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The objective of the present study is to investigate the efficacy and safety of the selegiline transdermal system (STS) in major depressive disorder (MDD) with atypical features.
This was a post-hoc analysis of 5 short-term trials. The atypical subtype was defined as the presence of at least 1 item with a score of 2 or greater from items 22–26 on the 28-item Hamilton Depression Rating Scale (HAMD-28), and a maximum score of 1 point for items 6 (insomnia late), 12 (somatic symptoms, gastrointestinal), and 16 (loss of weight) to exclude vegetative features of melancholic depression. The mean changes of HAMD-28 total score from baseline to the endpoint (response rate defined as ≥50% reduction in HAMD-28 scores and remission rate defined as ≤10 HAMD-28 total score at the treatment endpoint) were compared between atypical and nonatypical groups.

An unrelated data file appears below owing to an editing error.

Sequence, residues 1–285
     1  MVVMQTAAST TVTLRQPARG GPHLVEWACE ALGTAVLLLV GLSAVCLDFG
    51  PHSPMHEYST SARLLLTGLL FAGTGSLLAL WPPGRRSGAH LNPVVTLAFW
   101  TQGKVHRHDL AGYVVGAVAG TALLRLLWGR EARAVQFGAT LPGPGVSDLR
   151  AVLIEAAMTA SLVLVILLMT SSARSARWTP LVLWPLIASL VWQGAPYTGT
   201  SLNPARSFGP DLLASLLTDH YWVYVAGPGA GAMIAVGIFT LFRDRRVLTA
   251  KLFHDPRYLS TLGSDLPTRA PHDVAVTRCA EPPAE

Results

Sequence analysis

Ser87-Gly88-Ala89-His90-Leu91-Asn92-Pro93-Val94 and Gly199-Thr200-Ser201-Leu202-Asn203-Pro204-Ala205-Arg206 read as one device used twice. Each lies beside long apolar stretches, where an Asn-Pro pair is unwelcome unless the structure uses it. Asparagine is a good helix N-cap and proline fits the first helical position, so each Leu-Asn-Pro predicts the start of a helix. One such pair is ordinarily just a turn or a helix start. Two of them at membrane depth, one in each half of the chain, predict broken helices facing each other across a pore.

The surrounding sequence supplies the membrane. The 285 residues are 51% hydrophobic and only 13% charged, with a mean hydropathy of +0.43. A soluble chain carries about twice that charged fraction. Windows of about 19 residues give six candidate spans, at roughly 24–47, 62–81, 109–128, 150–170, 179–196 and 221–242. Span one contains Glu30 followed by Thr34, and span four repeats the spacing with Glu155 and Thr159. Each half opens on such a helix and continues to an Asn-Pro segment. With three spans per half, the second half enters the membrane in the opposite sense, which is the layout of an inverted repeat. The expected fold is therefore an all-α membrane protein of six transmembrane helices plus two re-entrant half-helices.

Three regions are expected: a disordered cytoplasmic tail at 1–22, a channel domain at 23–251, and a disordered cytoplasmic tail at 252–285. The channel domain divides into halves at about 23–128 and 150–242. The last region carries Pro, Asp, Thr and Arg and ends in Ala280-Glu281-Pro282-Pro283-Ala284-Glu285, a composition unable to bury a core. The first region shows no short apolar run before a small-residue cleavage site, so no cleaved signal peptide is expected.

In this analysis, 352 subjects (STS = 168 vs placebo = 184) met the definition of atypical subtype at baseline. STS (n = 641) significantly decreased HAMD-28 total score compared with placebo (n = 648) from beginning to end of treatment (–10.7 ± 9.3 vs –9.4 ± 9.3; p = 0.014). STS showed comparable efficacy in patients with the atypical subtype compared with the nonatypical subtype for placebo-subtracted mean change in HAMD-28 total score (–2.11 ± 1.01 vs. –1.0 ± 0.60; p = 0.34), odds ratio (OR) for response (1.41 vs 1.23, p = 0.62), and OR for remission (1.77 vs 1.18, p = 0.22).
STS appears to be comparably efficacious and tolerable in atypical and nonatypical subtypes of MDD. Adequately powered, controlled, clinical trials are necessary to confirm our findings.
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